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  1. Timothy Lane & Caleb Liang (2011). Self-Consciousness and Immunity. Journal of Philosophy 108 (2):78-99.
    Sydney Shoemaker, developing an idea of Wittgenstein’s, argues that we are immune to error through misidentification relative to the first-person pronoun. Although we might be liable to error when “I” (or its cognates) is used as an object, we are immune to error when “I” is used as a subject (as when one says, “I have a toothache”). Shoemaker claims that the relationship between “I” as-subject and the mental states of which it is introspectively aware is tautological: when, say, we (...)
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  2. Timothy Lane & Caleb Liang (2010). Mental Ownership and Higher-Order Thought: Response to Rosenthal. Analysis 70 (3):496-501.
  3. Caleb Liang (2010). Mental Ownership and Higher-Order Thought: Response to Rosenthal. Analysis 70 (3):496 - 501.
  4. Caleb Liang & Timothy Lane (2009). Higher-Order Thought and Pathological Self: The Case of Somatoparaphrenia. Analysis 69 (4):661-668.
    According to Rosenthal’s Higher-Order Thought (HOT) theory of consciousness, first-order mental states become conscious only when they are targeted by HOTs that necessarily represent the states as belonging to self. On this view a state represented as belonging to someone distinct from self could not be a conscious state. Rosenthal develops this view in terms of what he calls the ‘thin immunity principle’ (TIP). According to TIP, when I experience a conscious state, I cannot be wrong about whether it is (...)
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  5. Timothy Lane & Caleb Liang (2008). Higher-Order Thought and the Problem of Radical Confabulation. Southern Journal of Philosophy 46 (1):69-98.
    Currently, one of the most influential theories of consciousness is Rosenthal’s version of higher-order-thought (HOT). We argue that the HOT theory allows for two distinct interpretations: a one-componentand a two-component view. We further argue that the two-component view is more consistent with his effort to promote HOT as an explanatory theory suitable for application to the empirical sciences.Unfortunately, the two-component view seems incapable of handling a group of counterexamples that we refer to as cases of radical confabulation. We begin by (...)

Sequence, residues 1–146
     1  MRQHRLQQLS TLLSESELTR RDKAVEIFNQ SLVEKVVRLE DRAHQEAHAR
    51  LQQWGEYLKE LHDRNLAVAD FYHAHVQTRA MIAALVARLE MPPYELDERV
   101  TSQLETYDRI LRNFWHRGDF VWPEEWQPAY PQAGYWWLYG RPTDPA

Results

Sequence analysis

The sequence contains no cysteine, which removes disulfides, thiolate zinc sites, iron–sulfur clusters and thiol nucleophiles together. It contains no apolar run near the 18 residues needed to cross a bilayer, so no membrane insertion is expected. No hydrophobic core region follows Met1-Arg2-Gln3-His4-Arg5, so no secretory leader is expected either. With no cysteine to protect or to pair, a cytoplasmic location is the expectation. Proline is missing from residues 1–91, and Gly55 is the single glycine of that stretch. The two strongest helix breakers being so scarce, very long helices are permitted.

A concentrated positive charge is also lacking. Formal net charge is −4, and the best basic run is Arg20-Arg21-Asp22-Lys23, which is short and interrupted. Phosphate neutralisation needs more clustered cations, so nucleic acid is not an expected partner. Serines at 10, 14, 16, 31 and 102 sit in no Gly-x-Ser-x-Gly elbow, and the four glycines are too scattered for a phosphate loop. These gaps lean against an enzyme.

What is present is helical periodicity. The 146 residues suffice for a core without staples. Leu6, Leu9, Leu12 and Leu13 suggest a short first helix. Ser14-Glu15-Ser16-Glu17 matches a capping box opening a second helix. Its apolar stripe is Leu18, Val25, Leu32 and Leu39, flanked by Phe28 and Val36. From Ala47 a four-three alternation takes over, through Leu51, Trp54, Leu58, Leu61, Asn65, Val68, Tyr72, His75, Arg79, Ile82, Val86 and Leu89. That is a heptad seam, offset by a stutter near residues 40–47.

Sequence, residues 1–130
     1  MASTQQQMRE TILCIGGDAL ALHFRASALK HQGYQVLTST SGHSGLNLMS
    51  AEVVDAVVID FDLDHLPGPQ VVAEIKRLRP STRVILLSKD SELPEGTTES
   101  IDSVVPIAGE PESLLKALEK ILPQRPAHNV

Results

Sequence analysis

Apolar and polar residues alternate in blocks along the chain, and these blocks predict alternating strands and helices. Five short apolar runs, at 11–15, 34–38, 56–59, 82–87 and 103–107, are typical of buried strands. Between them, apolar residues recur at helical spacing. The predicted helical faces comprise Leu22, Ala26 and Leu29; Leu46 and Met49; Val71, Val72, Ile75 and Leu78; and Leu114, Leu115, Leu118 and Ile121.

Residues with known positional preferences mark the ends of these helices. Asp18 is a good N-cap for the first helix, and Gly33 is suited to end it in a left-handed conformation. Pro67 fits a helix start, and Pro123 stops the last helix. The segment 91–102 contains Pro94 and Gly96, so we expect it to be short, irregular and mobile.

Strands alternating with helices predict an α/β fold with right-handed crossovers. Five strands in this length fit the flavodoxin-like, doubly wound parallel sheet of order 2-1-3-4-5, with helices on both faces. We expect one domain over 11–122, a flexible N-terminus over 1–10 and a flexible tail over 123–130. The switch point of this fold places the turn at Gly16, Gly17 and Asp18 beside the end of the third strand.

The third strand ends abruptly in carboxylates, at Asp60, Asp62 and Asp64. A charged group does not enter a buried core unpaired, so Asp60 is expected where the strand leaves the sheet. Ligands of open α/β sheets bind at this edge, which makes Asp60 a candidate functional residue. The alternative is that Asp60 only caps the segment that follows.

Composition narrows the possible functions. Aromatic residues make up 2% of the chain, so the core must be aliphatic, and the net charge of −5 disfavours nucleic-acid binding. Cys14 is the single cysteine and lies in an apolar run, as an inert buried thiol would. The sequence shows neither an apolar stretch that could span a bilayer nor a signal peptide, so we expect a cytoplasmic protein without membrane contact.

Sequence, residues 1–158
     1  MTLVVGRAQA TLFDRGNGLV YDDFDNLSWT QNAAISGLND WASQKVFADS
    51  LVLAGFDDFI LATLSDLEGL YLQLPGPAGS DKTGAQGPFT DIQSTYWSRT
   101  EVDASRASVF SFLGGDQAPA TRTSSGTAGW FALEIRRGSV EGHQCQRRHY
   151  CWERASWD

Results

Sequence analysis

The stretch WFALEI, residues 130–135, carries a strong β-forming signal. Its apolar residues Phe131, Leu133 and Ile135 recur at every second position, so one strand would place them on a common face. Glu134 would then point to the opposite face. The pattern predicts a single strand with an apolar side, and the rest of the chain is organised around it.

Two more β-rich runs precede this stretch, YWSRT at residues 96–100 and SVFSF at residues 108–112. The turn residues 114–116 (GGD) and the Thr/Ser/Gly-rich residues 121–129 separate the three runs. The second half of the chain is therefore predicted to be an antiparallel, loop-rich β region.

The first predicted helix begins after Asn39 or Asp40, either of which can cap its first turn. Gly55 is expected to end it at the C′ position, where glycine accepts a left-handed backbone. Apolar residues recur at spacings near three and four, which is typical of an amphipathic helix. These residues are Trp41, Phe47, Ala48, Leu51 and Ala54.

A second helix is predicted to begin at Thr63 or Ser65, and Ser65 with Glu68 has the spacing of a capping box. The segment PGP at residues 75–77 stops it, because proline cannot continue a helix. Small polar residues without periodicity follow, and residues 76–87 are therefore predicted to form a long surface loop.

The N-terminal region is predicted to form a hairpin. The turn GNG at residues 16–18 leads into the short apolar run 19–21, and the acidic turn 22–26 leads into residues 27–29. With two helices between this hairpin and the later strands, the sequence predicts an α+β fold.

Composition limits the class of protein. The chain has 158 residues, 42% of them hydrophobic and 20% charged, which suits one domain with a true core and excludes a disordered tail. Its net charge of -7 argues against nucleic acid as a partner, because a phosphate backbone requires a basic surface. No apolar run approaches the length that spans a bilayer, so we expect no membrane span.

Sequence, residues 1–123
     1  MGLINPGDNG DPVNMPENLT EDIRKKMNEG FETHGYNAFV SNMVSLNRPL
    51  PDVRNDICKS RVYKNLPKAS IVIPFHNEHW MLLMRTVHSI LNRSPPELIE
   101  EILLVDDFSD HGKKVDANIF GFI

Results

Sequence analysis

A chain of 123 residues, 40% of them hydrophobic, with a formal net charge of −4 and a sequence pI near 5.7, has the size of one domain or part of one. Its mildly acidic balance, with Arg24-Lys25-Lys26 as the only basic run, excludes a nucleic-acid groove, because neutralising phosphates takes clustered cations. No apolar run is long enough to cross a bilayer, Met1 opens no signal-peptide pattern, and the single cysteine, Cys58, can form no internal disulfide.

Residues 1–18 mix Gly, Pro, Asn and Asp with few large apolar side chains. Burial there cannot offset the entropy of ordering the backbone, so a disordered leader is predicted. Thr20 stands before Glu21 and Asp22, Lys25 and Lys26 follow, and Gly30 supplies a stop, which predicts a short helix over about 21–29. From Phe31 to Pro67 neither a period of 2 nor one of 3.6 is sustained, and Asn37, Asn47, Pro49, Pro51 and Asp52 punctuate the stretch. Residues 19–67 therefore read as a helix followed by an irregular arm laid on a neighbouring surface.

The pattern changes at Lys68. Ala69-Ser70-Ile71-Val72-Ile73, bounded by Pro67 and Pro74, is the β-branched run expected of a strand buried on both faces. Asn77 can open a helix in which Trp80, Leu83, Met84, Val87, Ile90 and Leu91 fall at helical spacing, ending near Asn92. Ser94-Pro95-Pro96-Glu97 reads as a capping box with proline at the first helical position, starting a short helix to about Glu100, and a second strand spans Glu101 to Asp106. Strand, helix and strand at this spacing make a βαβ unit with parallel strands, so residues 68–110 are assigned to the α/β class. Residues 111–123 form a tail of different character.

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  6. Caleb Liang (2008). Higher-Order Thought and the Problem of Radical Confabulation. Southern Journal of Philosophy 46 (1):69-98.
    Currently, one of the most influential theories of consciousness is Rosenthal’s version of higher-order-thought (HOT). We argue that the HOT theory allows for two distinct interpretations: a one-componentand a two-component view. We further argue that the two-component view is more consistent with his effort to promote HOT as an explanatory theory suitable for application to the empirical sciences.Unfortunately, the two-component view seems incapable of handling a group of counterexamples that we refer to as cases of radical confabulation. We begin by (...)
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  7. Caleb Liang (2008). Perceptual Phenomenology and Direct Realism. Proceedings of the Xxii World Congress of Philosophy 42:103-148.
    I discuss the so-called “problem of perception” in relation to the Argument from Illusion: Can we directly perceive the external world? According to Direct Realism, at least sometimes perception provides direct and immediate awareness of reality. But the Argument from Illusion threatens to undermine the possibility of genuine perception. In The Problem of Perception (2002), A. D. Smith proposes a novel defense of Direct Realism based on a careful study of perceptual phenomenology. According to his theory, the intentionality of perception (...)
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  8. Caleb Liang (2006). Phenomenal Character and the Myth of the Given. Journal of Philosophical Research 31:21-36.
    In “Sellars and the ‘Myth of the Given,’” Alston argues against Sellars’s position in “Empiricism and the Philosophy of Mind” (EPM) that there is no nonconceptual cognition. According to him, Sellars ignores phenomenal look-concepts that capture the phenomenal character of experience. I contend that the Sellarsian can agree that the phenomenal aspect of looks should be accommodated, but he is not thereby forced to concede a form of the nonconceptual Given. I examine some of Alston’s arguments, especially the Fineness of (...)
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